Nanotechnology: Health and environmental risks of nanomaterials - research strategy

A report called 'Nanotechnology: Health and environmental risks of
nanomaterials - research strategy' has recently been published by the German
Federal Institute for Occupational Safety and Health. It presents possible
risks of nanotechnology for workers, consumers and the environment.

As an important future technology, nanotechnology1 presents an opportunity for
positively influencing economic development in the long term through intensive
research and the effective translation of the research results into innovative
products. In many areas it is currently not possible to assess the
toxicological and ecotoxicological risks associated with this emerging
technology. Nanotechnology is increasingly in the public eye. It is expected
that the importance of nanotechnology will continue to increase and that
workers, consumers and the environment will be exposed to an increasing extent.
Hence, there is a need to monitor the development of the new technology, to
weigh up the opportunities and risks in a transparent process and compare them
with established technologies.

According to present knowledge, the insoluble and poorly soluble nanomaterials2
are of particular toxicological relevance. For this reason, and in order to
sensibly define the scope of the subject, this research strategy relates to
these nanomaterials and to chemicals safety at the workplace and for consumer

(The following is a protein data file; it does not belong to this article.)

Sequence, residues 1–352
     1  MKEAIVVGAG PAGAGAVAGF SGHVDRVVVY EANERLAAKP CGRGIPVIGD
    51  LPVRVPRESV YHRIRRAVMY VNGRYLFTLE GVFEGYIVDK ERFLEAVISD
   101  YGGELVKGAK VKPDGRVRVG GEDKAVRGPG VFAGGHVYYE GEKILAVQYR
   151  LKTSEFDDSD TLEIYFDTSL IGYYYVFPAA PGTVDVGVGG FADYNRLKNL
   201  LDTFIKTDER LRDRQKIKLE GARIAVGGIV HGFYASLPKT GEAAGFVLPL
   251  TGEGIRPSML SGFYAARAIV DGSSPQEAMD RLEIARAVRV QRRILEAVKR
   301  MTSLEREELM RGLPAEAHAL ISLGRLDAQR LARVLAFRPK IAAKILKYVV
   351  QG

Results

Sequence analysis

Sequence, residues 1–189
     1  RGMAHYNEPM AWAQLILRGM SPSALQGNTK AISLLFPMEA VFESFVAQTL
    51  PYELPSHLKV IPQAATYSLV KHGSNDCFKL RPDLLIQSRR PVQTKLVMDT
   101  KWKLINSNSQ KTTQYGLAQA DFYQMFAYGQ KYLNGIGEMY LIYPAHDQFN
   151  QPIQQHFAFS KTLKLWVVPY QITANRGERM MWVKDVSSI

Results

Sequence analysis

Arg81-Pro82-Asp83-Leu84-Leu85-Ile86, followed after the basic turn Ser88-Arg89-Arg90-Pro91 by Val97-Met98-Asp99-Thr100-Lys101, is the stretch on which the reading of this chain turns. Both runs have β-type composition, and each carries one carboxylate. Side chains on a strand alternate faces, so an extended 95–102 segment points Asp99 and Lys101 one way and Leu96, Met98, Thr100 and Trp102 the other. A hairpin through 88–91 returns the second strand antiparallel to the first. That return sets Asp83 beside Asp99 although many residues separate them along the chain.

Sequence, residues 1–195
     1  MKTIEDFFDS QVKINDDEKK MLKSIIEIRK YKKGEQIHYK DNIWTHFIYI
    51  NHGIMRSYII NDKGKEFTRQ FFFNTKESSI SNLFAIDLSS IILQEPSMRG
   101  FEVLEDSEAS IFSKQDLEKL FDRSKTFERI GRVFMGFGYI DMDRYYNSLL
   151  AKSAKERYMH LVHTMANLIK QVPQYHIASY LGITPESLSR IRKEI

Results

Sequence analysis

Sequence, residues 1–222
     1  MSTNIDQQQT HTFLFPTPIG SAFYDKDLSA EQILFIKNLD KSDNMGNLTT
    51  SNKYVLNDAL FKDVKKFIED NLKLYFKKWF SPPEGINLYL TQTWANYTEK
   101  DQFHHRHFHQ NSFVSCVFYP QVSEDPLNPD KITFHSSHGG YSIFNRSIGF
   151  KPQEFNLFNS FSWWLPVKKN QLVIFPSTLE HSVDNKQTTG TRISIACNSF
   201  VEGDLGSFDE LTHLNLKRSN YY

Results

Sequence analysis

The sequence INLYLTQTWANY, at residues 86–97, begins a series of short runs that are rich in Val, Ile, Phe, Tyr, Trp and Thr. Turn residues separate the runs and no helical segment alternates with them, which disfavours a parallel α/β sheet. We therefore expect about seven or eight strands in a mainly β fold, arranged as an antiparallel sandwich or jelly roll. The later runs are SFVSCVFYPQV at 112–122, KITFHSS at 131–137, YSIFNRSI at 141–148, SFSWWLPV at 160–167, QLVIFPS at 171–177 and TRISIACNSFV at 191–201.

and the environment.

Chemicals legislation (e.g. REACH) does not provide for a specific procedure
for testing (e.g. toxicological studies) and assessment of nanomaterials such
as, for example, titanium dioxide, zinc oxide, iron oxide, silicon dioxide or
carbon black which represent a nanoscale modification of an existing HPV3
substance with the same CAS number. Up to now, there has been no specific
regulation for nanomaterials in the areas foodstuffs, consumer products and
cosmetic products, either. For example, no particle sizes have been defined in
the purity criteria for the authorized food additives silicon dioxide (E 551)
and titanium dioxide (E 171). In addition, nanomaterials can be used as
auxiliaries in plant protection products and biocides and in formulation. Here,
too, no guidelines or guidance documents for testing and no requirements
regarding identification and size or other physico-chemical properties
currently exist. Due to the small number of available studies, it is hardly
possible to make comparative statements on the basis of the results available.

Since exposure of humans and the environment, the toxicological properties and
risks cannot yet be evaluated, the need to conduct further investigations and
close gaps in knowledge by means of research and assessment activities is
generally recognized. Similar to technology-oriented research, in safety
research, too, there are demands for a shift away from pure fundamental
research and a new orientation which enables the translation of the results
into risk-oriented and comprehensive assessments (or recommendations for
measures) and the covering of the relevant toxicological and ecotoxicological
end points. As a matter of principle, it is therefore necessary that the
toxicological and ecotoxicological studies that are to be performed can be
utilised in regulatory toxicology. In addition, the goal is to achieve a
balance between in vitro and in vivo methods, which is influenced to a large
extent by the validity of the in vitro methods. To achieve this, a validation
of the in vitro methods by in vivo methods is required.

However, consideration should also be given to the fact that nanoscale
particles are not entirely new. Natural and unintentionally produced particles
of this size have long been entering the environment and resulting in the
exposure of humans and the environment.

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AplusA-online.de - Source: Federal Institute for Occupational Safety and Health